But, again, to those who have played the game, there was nothing inconsistent or irrational about James's small bet.  If you're in second place going into the final question, and you have more than half of the leader's score, then the leader is virtually always going to bet enough so that, if she answers correctly, her score will be more than twice your pre-final score.  Even if you bet everything you have from second place, if the leader gets the final question right, you cannot catch her.  There's nothing you can do to win if the leader gets the final question right -- so you need to think about how to maximize your chances of winning if she gets it wrong.  And if she gets it wrong, she loses the amount that she bet -- often, an amount that is big enough to drop her score below your pre-final score.  In such a case, if you want to make sure that you will win if the leader answers incorrectly -- whether or not you answer correctly yourself -- then you want to make a bet small enough to stay ahead of the leader's final score if she gets the last question wrong.  And that is why James bet small at the end.  He was still playing to win.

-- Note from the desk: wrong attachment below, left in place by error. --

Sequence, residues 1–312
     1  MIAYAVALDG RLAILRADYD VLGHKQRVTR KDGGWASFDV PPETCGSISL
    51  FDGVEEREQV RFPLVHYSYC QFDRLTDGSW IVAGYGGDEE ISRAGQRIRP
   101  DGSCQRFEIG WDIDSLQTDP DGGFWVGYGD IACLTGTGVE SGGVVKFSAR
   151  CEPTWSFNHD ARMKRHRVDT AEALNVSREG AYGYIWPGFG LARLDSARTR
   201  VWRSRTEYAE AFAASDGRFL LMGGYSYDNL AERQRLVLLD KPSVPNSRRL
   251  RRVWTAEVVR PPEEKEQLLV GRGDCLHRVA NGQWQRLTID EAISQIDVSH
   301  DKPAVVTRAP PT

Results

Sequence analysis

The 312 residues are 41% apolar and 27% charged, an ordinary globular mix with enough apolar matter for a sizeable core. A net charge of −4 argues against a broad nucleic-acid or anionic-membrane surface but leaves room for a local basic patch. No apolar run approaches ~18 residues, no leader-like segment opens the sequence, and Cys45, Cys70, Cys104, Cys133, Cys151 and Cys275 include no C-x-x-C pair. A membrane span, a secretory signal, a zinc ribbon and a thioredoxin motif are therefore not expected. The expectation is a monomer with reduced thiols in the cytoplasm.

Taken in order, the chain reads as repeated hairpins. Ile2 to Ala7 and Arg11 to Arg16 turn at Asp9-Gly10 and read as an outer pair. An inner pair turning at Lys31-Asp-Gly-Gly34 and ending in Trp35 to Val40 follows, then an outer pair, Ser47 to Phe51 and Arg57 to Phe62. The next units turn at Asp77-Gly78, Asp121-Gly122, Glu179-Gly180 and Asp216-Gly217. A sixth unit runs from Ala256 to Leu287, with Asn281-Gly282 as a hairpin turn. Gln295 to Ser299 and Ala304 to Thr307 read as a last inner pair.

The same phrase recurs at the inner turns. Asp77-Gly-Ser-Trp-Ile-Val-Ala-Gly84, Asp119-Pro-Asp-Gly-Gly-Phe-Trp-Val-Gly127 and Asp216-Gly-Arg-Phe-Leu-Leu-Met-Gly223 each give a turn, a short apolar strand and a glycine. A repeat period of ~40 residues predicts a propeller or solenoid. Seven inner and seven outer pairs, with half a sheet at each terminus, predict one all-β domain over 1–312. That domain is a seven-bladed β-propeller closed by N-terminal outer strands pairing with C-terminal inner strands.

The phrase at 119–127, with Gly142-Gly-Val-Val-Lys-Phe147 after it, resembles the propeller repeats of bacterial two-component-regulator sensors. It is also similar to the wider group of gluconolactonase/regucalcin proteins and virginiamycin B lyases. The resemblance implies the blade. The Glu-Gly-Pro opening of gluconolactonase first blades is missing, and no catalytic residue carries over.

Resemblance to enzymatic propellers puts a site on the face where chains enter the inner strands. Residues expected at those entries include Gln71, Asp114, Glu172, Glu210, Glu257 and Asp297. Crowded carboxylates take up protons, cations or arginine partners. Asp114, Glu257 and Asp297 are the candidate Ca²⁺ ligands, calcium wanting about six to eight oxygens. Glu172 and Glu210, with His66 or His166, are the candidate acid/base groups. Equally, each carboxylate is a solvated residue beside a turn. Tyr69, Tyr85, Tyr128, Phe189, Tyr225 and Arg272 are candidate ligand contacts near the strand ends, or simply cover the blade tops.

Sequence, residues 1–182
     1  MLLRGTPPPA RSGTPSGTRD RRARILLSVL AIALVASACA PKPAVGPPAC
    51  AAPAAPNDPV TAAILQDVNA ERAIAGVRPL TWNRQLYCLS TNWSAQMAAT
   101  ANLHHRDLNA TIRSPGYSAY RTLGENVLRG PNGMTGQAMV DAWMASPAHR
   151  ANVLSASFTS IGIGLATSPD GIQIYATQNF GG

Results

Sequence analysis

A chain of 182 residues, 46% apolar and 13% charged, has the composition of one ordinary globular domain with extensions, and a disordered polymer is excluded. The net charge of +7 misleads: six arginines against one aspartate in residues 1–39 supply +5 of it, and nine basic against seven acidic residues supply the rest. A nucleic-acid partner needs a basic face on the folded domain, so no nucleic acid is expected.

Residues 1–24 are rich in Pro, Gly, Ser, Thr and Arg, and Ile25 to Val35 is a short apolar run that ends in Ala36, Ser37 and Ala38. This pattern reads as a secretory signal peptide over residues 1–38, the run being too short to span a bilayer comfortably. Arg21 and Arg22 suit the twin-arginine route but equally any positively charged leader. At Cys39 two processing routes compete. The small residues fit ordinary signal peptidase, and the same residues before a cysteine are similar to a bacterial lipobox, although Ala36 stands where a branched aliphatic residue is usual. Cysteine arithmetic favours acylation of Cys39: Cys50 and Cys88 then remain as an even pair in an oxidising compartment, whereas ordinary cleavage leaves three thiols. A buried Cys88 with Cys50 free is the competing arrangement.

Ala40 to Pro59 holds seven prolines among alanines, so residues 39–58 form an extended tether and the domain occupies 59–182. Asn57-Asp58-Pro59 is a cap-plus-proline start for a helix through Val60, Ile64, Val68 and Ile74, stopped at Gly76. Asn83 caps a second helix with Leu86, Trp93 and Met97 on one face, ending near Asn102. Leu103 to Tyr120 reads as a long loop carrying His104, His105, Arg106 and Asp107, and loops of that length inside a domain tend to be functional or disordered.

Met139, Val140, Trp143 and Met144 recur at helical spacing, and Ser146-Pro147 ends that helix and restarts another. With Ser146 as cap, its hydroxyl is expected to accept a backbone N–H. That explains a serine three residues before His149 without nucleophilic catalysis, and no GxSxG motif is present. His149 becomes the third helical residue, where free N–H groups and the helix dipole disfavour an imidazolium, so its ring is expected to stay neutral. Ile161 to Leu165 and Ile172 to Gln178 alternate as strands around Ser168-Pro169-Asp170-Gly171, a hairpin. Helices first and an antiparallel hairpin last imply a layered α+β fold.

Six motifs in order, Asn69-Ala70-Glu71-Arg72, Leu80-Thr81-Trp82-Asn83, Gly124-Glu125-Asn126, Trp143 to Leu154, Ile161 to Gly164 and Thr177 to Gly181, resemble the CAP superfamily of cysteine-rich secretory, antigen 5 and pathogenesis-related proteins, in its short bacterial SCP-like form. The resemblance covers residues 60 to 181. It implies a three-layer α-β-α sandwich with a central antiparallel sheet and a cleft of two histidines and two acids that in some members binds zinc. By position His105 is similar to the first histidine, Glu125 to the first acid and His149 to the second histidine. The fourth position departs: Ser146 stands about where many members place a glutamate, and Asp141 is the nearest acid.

I'm saying all of this not to minimize the accomplishments of a truly great Jeopardy! player, and not even primarily to teach people sound game strategies.  What I'm hoping I've done is illustrate how the natural human inclination towards sense-making can easily lead to misjudgments and misinterpretations, especially when people know something well enough for it to seem familiar, but not truly intimately.  Sense-making is the act of coming up with plausible rationalizations for why things are the way they are.  It is not necessarily a bad tendency -- it is, after all, how scientific inquiry begins.  But "plausible rationalizations", while comforting, are often inaccurate, and relying on them uncritically can be dangerous.

Our students and recent graduates preparing for the bar exam are just now in that space where they've seen enough of the structure and content of the bar exam for them to seem familiar, but not enough of them to really intimately how to do well on it.  As they take practice tests and observe their fellow preparers and hear stories about people who performed well or poorly in the past, they might run into some of the same issues with sense-making that I described in everyday Jeopardy! viewers: